The Foreign Service Journal, December 2023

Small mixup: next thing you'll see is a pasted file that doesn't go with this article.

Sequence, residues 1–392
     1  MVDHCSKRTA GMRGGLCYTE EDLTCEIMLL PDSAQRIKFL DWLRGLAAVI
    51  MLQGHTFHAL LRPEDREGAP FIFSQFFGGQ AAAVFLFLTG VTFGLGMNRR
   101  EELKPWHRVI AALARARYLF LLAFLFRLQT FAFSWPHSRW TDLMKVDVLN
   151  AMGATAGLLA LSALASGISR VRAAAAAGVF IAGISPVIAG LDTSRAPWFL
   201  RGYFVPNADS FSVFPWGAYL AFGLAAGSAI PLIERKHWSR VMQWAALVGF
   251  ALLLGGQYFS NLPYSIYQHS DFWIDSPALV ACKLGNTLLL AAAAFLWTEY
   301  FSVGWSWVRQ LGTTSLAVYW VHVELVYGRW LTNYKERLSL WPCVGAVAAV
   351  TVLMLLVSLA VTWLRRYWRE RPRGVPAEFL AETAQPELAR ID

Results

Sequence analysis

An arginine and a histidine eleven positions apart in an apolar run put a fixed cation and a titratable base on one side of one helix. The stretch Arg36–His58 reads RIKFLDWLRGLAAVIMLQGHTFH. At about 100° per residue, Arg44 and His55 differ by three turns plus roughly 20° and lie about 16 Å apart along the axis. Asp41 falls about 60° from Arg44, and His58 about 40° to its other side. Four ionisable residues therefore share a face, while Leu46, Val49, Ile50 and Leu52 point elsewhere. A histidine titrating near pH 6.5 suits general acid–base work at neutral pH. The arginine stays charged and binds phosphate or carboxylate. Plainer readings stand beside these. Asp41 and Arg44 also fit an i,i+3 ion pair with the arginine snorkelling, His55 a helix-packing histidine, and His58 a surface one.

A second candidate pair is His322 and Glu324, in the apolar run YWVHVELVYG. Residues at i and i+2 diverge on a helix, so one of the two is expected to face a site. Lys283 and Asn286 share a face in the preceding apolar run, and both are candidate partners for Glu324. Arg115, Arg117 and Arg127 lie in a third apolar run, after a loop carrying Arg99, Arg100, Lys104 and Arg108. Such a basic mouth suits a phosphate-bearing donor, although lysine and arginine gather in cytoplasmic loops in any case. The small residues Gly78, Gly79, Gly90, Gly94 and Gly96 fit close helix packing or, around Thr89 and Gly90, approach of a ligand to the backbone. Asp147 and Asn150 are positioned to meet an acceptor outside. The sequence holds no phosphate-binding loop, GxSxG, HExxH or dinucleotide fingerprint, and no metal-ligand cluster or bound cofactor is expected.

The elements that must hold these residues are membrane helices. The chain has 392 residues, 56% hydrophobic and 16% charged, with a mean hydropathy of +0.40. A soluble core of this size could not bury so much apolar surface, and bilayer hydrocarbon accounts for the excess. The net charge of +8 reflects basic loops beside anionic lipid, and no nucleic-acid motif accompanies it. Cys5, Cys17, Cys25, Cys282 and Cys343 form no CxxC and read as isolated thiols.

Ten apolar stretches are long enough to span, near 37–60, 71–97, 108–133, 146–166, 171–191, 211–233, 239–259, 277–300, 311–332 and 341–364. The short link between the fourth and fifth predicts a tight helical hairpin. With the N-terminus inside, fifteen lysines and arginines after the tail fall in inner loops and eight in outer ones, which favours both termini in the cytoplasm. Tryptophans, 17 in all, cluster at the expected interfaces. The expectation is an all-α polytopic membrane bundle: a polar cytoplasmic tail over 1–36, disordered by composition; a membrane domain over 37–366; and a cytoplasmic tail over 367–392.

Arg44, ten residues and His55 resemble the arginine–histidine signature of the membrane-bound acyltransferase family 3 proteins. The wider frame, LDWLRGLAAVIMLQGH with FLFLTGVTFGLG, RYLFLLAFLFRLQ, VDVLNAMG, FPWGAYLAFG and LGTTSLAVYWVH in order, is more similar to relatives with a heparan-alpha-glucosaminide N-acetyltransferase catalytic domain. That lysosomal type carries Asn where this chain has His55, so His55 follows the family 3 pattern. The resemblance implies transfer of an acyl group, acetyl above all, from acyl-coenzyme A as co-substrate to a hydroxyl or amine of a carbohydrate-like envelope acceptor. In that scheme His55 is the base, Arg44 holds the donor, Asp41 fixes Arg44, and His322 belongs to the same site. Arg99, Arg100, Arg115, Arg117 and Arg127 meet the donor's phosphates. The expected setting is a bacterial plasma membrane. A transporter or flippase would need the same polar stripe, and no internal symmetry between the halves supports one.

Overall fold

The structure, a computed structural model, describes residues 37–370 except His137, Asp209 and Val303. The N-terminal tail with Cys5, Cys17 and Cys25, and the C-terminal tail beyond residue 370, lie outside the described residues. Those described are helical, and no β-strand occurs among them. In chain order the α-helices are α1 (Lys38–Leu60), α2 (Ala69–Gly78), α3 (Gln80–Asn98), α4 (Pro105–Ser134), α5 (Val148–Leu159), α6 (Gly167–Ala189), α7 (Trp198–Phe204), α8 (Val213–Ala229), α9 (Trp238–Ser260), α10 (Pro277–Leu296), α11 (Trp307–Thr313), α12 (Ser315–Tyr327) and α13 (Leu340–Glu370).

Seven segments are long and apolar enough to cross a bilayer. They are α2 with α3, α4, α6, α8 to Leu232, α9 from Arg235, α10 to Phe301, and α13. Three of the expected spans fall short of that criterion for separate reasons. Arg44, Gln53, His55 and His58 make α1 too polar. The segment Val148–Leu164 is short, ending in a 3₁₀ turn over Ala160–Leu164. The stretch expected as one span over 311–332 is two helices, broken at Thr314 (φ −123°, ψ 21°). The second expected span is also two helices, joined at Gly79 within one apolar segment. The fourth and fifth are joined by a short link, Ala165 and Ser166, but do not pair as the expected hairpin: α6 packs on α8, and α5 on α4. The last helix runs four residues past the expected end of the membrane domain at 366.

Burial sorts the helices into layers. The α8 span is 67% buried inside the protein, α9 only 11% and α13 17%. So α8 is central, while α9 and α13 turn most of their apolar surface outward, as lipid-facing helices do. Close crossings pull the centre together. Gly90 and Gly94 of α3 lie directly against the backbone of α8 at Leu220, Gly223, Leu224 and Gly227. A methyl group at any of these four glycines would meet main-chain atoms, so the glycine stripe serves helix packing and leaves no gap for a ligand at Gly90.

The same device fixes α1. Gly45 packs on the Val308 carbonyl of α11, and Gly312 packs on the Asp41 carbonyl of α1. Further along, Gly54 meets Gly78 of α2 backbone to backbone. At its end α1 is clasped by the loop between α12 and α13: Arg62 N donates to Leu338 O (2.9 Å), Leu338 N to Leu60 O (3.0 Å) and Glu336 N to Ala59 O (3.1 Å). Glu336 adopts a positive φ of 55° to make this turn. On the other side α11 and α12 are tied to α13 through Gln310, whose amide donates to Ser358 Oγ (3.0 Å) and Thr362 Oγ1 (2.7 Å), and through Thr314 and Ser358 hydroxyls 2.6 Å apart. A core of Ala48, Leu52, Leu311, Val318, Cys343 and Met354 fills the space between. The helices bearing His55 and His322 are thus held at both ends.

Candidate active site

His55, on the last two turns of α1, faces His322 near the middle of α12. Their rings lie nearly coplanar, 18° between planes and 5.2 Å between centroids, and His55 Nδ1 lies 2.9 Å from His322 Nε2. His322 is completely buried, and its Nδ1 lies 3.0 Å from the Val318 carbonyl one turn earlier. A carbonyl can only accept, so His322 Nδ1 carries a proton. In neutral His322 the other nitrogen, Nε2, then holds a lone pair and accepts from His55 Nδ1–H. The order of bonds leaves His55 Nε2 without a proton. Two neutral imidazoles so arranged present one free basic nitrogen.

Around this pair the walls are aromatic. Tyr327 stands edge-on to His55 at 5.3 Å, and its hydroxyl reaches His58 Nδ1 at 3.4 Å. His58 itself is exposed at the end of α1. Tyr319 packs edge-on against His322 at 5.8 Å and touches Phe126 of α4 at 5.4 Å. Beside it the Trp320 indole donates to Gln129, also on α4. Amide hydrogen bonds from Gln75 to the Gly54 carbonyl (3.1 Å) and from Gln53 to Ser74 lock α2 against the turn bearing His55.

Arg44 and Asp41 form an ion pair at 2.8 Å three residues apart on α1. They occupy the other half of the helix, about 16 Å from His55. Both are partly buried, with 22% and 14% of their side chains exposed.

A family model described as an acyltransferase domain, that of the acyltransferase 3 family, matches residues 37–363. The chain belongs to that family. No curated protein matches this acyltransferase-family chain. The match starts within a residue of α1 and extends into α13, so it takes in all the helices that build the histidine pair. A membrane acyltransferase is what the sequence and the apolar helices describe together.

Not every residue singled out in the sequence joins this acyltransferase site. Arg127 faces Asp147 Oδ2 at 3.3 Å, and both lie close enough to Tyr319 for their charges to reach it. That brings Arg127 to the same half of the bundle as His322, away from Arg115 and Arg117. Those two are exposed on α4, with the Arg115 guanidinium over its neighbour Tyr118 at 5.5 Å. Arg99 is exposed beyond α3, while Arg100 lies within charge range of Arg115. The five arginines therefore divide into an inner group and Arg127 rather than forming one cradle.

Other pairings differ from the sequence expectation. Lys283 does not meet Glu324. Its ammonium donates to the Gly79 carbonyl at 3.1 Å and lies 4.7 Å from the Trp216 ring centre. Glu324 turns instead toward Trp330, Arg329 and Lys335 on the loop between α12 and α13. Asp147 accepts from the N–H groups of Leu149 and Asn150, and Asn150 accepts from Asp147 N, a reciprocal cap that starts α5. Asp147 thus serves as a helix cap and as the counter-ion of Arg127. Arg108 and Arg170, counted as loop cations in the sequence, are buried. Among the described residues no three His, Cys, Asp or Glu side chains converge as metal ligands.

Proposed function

34 DECEMBER 2023 | THE FOREIGN SERVICE JOURNAL the difficult choices we had to make. I emphasized that we did not want this outcome but had no choice. I will always remember a conversation at the end of one of those town halls with one of the Russian employees who had worked in our public affairs section for 18 years processing the numerous international visitors we sent to the U.S. She told me she was sorry to hear that she was being let go. She said she appreciated our effort to explain candidly how we had come to making the difficult decisions on personnel. She said that working for the American embassy had been the greatest experience of her life and thanked me. I had tears in my eyes as she gave me a hug and said goodbye. FSJ: What advice would you have for today’s ambassador to Moscow on dealing with the Russian government? JFT: I don’t need to give Ambassador Lynne Tracy any advice. She is enormously qualified and has a long background of service in Moscow and at difficult Foreign Service posts. Amb. Tracy was my deputy when I was ambassador, and she was intimately involved in every aspect of our diplomacy with Russia. She ran the embassy brilliantly and has a wealth of knowledge about Russia and our relationship with Russia. I thought she was an ideal choice to be our ambassador at such a difficult time in our bilateral relationship. She epitomizes the professionalism I spoke about earlier. FSJ: Early in your career you had experience working with Moscow on the delegation to the START arms control negotiations leading to a successful agreement that held for decades. New START, now the only remaining nuclear weapons treaty between the U.S. and Russia, was set to expire in 2021, but the two sides agreed to extend it for five years. However, in February, President Putin said Russia was “suspending its participation.” Do you have any hope for Russia to return to the agreement? What might it take to restart arms control cooperation between the U.S. and Russia? JFT: I served for about a month with the State Department team at the START negotiations in 1985. It was a great experience, sitting across the negotiating table from the Soviet group. I learned a lot about arms control and the process through which we and the Soviets tried to find negotiated compromises to some of the thorniest and most technologically complex issues. I think that we will have to wait and see how the Russian war in Ukraine transpires before we can know with any confidence whether Russia will return to compliance with New START and how they will proceed on nuclear arms control in the future. With the war having a serious impact on Russian finances, I do not think the Kremlin wants to get into any new arms race. We also have to remember that the clock is ticking; New START will expire in 2026 and cannot be renewed. FSJ: In the late 1990s you served as DCM and chargé at Embassy Moscow. How would you compare that to your time as ambassador there in 2014 to 2017? JFT: They were two very different periods in the history of our bilateral relationship. President Boris Yeltsin still ruled in the late 1990s when I was DCM. We had a broad-based bilateral relationship, featuring visits by President Bill Clinton and Vice President Al Gore. Gore headed a bilateral commission with Russian Prime Minister Viktor Chernomyrdin that met every six months or so. Cabinet members and ministers in a variety of fields met regularly to shepherd many different bilateral initiatives. At the embassy, we had wide access to Russian officials and to the Russian people across the country. Later, my three years as ambassador were marked by serious strains in the relationship caused by Russia’s invasion and annexation of Crimea and subversion of the Donbas in 2014. Western sanctions had begun to hurt the Russian economy. The Russian government could not impose economic sanctions on us, so they took it out on the embassy. We had our access to officials limited Ambassador John Tefft and his wife, Mariella, meet with former President of the Soviet Union Mikhail Gorbachev at the Gorbachev Foundation on Oct. 12, 2016. From left: Ambassador Tefft, Mariella Tefft, U.S. Political Minister Counselor Anthony Godfrey, and President Gorbachev. COURTESY OF JOHN TEFFT